• Audit: Conduct post-migration audits to ensure everything is running as expected.
  • Compliance Verification: Verify that the migration has maintained all necessary compliance standards.

Maintenance and Evolution

  • Regular Updates: Keep the cloud environment up to date with the latest features and security patches.
  • Scalability: Scale the cloud resources up or down based on business needs.
  • Future-proofing: Stay informed about new cloud technologies and trends to ensure the infrastructure remains current.

Overcoming Common Migration Challenges

Managing Downtime and Data Loss

Downtime and data loss can seriously disrupt cloud services. It's crucial to have a solid backup strategy in place. Always be prepared with a disaster recovery plan, ready to quickly restore your data if needed.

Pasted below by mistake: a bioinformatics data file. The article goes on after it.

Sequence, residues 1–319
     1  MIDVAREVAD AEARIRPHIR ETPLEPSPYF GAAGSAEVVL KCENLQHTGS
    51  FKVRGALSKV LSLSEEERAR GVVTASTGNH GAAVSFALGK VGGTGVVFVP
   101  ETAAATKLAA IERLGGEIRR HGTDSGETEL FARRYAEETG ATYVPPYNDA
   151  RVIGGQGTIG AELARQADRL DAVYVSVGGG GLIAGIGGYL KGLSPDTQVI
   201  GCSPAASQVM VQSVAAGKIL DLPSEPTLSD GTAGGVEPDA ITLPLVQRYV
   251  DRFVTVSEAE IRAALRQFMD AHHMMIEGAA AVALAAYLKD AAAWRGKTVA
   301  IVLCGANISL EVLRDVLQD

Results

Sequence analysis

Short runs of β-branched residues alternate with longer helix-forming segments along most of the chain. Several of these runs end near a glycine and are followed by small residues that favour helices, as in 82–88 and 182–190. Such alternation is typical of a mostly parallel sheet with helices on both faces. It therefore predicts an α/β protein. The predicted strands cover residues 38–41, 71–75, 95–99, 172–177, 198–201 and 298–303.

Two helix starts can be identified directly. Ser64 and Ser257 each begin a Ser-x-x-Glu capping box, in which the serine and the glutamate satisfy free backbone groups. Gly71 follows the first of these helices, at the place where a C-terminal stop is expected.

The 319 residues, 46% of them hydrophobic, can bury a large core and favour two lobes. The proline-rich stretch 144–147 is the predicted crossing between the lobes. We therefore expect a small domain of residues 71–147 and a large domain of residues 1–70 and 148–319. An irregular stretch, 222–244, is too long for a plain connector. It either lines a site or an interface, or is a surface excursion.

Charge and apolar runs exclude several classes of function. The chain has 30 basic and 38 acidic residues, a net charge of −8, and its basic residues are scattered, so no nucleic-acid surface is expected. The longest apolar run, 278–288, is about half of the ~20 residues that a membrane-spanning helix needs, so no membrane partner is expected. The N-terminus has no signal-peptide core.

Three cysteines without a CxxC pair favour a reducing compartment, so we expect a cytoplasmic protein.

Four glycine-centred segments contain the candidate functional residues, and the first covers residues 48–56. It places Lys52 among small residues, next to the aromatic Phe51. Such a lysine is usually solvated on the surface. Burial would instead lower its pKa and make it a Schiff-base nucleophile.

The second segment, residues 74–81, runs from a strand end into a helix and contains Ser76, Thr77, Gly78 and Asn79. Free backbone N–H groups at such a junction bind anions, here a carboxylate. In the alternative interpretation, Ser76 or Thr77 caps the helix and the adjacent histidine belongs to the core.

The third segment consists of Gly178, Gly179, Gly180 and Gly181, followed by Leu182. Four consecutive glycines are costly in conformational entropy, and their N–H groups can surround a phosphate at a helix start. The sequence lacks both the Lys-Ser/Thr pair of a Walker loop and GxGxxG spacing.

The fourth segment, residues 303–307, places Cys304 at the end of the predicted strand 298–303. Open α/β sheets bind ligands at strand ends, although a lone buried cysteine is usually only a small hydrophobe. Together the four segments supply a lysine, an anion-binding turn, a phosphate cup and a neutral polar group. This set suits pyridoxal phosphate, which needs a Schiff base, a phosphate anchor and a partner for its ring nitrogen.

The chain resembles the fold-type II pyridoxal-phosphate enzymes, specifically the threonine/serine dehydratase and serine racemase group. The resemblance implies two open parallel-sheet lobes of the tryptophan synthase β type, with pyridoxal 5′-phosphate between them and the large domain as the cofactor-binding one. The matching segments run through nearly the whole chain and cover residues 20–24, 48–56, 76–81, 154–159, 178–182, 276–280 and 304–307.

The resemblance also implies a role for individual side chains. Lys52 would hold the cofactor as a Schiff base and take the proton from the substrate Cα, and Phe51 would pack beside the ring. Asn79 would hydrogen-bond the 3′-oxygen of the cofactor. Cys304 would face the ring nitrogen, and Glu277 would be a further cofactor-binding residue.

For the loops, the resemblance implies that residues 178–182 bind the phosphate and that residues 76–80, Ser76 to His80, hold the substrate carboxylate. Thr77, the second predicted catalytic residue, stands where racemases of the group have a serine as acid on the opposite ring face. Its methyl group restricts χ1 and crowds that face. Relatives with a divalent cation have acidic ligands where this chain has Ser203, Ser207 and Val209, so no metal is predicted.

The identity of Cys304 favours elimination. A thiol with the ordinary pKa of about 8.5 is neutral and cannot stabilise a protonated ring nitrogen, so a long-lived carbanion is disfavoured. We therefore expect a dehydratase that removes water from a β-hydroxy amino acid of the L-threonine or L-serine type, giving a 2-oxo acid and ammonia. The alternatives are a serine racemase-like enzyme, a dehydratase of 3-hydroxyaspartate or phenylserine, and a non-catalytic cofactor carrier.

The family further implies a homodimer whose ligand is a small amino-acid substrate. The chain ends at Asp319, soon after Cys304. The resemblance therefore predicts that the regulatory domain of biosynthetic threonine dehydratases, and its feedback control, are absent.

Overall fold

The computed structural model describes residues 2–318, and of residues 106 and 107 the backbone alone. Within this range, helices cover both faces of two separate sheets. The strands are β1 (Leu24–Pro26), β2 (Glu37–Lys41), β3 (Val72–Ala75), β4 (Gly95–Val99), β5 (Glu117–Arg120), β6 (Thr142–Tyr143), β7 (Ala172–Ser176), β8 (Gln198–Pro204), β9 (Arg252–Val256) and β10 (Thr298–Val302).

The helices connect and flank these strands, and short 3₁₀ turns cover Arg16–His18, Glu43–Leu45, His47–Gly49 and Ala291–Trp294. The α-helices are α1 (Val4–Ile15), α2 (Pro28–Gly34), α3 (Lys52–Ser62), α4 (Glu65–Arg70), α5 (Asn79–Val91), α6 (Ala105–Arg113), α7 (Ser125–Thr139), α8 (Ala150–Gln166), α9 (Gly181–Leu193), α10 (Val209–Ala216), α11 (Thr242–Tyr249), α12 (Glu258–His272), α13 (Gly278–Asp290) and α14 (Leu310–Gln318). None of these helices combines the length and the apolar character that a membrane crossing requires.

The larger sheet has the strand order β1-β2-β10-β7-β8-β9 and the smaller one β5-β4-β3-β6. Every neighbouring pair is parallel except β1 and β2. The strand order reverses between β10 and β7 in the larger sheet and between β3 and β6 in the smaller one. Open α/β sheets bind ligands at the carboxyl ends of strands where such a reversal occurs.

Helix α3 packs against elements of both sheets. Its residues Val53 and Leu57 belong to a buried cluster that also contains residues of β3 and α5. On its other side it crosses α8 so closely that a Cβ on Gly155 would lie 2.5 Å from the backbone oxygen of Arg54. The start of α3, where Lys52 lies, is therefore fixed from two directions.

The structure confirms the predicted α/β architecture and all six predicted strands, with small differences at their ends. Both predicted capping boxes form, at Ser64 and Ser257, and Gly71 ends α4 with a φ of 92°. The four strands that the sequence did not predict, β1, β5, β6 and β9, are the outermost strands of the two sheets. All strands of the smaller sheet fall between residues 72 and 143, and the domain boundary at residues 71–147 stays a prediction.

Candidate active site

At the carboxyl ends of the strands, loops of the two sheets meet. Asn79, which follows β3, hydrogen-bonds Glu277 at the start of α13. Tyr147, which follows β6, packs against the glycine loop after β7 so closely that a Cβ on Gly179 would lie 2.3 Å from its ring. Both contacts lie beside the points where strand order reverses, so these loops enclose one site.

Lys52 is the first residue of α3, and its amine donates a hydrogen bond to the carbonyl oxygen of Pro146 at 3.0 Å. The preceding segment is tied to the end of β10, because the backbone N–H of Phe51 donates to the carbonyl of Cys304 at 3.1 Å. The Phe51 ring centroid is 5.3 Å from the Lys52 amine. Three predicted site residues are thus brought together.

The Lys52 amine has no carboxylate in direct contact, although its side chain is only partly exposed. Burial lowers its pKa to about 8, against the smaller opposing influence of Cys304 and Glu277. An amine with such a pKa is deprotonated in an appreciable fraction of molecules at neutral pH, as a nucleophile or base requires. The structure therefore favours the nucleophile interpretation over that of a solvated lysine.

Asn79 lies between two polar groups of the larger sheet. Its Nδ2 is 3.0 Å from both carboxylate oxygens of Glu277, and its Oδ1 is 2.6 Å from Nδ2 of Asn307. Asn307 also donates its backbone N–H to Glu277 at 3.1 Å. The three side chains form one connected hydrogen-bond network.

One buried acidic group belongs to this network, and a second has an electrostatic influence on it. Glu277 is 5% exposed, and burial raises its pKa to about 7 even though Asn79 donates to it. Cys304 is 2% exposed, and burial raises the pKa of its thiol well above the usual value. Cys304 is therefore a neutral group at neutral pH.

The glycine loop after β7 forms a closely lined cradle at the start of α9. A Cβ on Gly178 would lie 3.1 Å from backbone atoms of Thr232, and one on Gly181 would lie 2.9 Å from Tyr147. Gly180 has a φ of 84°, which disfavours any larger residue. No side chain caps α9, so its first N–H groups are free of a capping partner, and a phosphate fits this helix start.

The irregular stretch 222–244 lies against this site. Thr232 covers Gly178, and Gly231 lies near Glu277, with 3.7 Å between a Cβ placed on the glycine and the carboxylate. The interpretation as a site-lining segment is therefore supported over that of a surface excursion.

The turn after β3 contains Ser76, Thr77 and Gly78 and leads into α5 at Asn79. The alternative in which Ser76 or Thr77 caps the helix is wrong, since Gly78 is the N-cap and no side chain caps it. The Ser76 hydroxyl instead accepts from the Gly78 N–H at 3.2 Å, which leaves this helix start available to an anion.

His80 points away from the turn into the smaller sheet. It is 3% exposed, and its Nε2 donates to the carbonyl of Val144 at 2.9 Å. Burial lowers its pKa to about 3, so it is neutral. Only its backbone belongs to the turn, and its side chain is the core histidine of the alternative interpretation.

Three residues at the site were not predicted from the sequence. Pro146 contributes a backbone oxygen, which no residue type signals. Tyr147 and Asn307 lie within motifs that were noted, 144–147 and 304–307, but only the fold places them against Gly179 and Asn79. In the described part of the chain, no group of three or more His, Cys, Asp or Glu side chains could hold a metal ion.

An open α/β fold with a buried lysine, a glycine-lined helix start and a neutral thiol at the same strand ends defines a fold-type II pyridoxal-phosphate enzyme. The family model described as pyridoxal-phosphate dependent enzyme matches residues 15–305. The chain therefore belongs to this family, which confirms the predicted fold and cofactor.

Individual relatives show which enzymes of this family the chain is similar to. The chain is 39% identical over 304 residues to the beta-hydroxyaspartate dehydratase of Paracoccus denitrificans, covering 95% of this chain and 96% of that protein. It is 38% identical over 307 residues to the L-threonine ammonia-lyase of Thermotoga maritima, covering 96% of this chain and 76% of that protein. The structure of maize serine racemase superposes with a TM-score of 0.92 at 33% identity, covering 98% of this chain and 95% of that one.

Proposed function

Skill Gaps and Training Needs

Moving to the cloud might mean investing in a training cycle to get everyone up to speed. The skills needed to move onto the cloud might differ slightly from what your IT department is used to. Schedule in-house retraining or consider outsourcing temporarily to close the gap.

Budgeting and Cost Management

Keep an eye on your budget during the transition. Cost overruns are unfortunately common during significant transitions like this, so it's probably a good idea to budget an extra 10% and always watch out for unforeseen complications or unexpected delays that can run up the cost.

The Role of AI and Machine Learning

Artificial intelligence is one of the most exciting new trends in cloud computing. The expanded space and advanced applications you can get from a dedicated provider like Google Cloud are a low-risk way to try out machine learning for all sorts of applications.

Edge Computing and Cloud Migration